Where does the time go in an EV conversion? Often times, in places and in quantities that you would not believe when starting off.
We've had all the battery boxes finished for months now, and we've had most of the "A" half-pack installed for months, and the car has been drivable like that. Most of the fiddly little things, with the exception of the heater and chargers, are actually done.
Lucifer must have noticed this, and decided to send down some lightning bolts to throw us off target. We had an "incident" with a routine software download, which has been working for years, and which we've even been patting ourselves on the back about how good it's been. (Maybe that was our mistake
). The nature of this incident is such that we had to take the battery boxes out, remove the lids, and individually JTAG program each microprocessor. As luck would have it(or poor design, but bad luck sounds better), the JTAG connections are at the end of the BMU boards, so one end of each string of cells (one battery box has 3 strings for just 15 cells) is under a strip of runner that is siliconed in place, so that had to be laboriously removed and replaced. Some of the battery boxes take about an hour to remove and replace. The whole idea is that this should never happen, so when it did, we had to figure out why it happened, and how to really prevent it from happening again.
That's taken about 3 weeks to write, test, and implement. The solution, which we may talk about in more detail in another post, involves two separate bootstrap loaders. That's for now; one of those should really go away, but it's simpler and maaaybe more robust to leave it that way for now. But at least, we told ourselves, it could have been worse: we could have had to take out the two worst battery boxes (for removing and re-installing); these are in the fuel tank space right in the middle of the car. By some miracle, these weren't involved in the original incident, and their LEDs were still flashing away happily.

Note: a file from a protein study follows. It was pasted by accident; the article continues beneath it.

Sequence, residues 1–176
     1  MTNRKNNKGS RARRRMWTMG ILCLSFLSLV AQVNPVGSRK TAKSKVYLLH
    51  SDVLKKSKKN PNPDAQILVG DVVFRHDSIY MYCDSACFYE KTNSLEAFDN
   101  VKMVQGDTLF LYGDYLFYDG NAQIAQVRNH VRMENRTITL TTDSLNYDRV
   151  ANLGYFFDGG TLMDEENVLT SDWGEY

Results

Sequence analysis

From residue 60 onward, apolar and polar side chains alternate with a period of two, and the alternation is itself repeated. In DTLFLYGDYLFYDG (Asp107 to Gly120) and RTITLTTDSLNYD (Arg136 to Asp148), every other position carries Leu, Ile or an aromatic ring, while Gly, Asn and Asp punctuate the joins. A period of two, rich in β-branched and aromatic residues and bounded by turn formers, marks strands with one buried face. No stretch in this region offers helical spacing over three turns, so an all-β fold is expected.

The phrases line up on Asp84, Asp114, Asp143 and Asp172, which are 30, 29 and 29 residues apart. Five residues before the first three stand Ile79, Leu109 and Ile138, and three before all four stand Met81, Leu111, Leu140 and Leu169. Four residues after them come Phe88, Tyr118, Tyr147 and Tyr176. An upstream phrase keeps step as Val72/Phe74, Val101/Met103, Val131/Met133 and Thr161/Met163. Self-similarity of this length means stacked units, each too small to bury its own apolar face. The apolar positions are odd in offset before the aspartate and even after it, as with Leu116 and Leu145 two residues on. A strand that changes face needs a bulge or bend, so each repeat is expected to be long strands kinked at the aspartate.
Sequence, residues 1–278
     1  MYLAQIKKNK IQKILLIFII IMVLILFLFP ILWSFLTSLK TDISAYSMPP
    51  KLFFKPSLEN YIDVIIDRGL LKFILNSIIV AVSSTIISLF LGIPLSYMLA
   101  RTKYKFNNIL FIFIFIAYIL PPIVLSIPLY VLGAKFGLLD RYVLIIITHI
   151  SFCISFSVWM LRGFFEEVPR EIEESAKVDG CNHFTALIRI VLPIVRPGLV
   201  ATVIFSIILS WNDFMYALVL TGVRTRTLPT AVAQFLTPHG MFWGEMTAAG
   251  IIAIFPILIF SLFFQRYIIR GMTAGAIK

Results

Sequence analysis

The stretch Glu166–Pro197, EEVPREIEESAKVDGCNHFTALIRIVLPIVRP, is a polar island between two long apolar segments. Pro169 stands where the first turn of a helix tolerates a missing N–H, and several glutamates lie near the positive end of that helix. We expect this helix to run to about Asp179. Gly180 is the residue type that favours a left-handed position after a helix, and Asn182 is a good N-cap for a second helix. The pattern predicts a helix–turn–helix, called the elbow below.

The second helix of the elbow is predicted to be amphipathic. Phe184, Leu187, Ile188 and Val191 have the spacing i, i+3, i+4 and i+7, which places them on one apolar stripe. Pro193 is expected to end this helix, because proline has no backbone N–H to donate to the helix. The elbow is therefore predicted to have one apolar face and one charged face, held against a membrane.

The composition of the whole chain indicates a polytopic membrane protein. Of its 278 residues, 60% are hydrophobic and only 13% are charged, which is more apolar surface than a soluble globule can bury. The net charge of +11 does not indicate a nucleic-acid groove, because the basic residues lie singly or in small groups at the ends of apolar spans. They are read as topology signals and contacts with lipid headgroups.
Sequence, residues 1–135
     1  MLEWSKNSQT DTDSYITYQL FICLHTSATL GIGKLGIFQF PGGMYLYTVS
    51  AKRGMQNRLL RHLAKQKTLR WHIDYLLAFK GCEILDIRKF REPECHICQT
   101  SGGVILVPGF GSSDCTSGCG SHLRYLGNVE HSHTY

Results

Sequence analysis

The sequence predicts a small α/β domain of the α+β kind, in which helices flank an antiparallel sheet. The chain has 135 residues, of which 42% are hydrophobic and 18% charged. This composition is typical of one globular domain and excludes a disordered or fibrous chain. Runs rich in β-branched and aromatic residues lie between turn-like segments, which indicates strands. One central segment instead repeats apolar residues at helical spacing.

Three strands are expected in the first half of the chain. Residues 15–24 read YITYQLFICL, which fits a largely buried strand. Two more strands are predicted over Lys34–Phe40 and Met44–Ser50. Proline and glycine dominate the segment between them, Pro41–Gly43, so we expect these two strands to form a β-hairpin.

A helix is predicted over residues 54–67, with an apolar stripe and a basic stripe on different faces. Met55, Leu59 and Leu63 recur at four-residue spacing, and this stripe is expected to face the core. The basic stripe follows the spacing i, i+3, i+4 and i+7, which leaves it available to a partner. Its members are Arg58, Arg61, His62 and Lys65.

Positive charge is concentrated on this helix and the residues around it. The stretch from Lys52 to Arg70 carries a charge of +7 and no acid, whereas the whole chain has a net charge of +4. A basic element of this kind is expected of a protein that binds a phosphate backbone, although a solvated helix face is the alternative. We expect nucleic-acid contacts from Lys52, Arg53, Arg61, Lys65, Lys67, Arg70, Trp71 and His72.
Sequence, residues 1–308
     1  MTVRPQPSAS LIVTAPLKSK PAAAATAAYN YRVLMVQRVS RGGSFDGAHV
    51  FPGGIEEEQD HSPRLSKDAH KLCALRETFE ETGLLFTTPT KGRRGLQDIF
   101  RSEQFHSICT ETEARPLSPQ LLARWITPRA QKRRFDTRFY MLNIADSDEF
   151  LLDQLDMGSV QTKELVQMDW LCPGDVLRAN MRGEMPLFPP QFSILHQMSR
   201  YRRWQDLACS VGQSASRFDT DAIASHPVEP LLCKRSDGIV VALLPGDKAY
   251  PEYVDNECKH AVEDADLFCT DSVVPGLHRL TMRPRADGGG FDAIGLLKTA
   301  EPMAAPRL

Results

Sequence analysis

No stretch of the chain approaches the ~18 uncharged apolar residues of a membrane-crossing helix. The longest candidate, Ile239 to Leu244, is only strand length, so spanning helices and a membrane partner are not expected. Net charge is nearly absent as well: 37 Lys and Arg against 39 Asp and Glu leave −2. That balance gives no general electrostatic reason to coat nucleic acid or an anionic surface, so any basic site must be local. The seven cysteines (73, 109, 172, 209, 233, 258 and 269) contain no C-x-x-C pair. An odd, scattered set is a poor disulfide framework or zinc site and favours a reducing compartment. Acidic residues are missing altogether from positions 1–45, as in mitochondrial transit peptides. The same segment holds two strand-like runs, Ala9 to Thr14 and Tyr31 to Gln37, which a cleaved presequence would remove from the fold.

We developed a technique for doing the repair and upgrade, and were quite confident that when we came to upgrade the software in the fuel tank battery boxes (not because they had seized like the others, but because they needed to use the new software scheme) that there would be no problems.
Indeed, the front box (which isn't too hard to get at, if as now the rollbar battery box is removed), upgraded without a hitch. But old Lucifer had one last lightning bolt for us. When we went to upgrade the rearmost battery box, the hardest one to get to, there was no echo from the front of the string of BMUs to the end. There was status information being transmitted ~ 15 times per second, but characters typed at the first BMU didn't make it to the last one. At first, we hoped that it was just that we were using the wrong pair of optic fibres, but no. When we sent a command that should turn on all the blue lights, we could tell with a mirror and looking at the right angle from inside the boot that the lights came on up to a certain point, then stopped. Shining a torch in there and manipulating the mirror, we could see that there was a break between squiggle-joined strings of cells; these are bridged with three wires that are soldered (formerly we used connectors, but these proved unreliable), and of course the wires were siliconed to strain relieve them. So you'd expect that once connection was made (these BMUs have been working for weeks at least), that they'd never come apart.